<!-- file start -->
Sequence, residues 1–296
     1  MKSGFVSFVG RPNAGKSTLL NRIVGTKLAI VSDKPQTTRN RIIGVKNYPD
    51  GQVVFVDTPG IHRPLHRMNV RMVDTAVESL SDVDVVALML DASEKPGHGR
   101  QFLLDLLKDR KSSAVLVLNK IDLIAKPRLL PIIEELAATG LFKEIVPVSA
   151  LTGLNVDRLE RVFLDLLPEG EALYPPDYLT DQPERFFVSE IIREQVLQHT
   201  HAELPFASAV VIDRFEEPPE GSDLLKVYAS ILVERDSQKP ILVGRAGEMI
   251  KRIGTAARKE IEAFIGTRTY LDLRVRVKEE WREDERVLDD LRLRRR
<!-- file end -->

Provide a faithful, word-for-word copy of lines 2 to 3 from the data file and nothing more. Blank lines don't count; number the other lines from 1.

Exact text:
     1  MKSGFVSFVG RPNAGKSTLL NRIVGTKLAI VSDKPQTTRN RIIGVKNYPD
    51  GQVVFVDTPG IHRPLHRMNV RMVDTAVESL SDVDVVALML DASEKPGHGR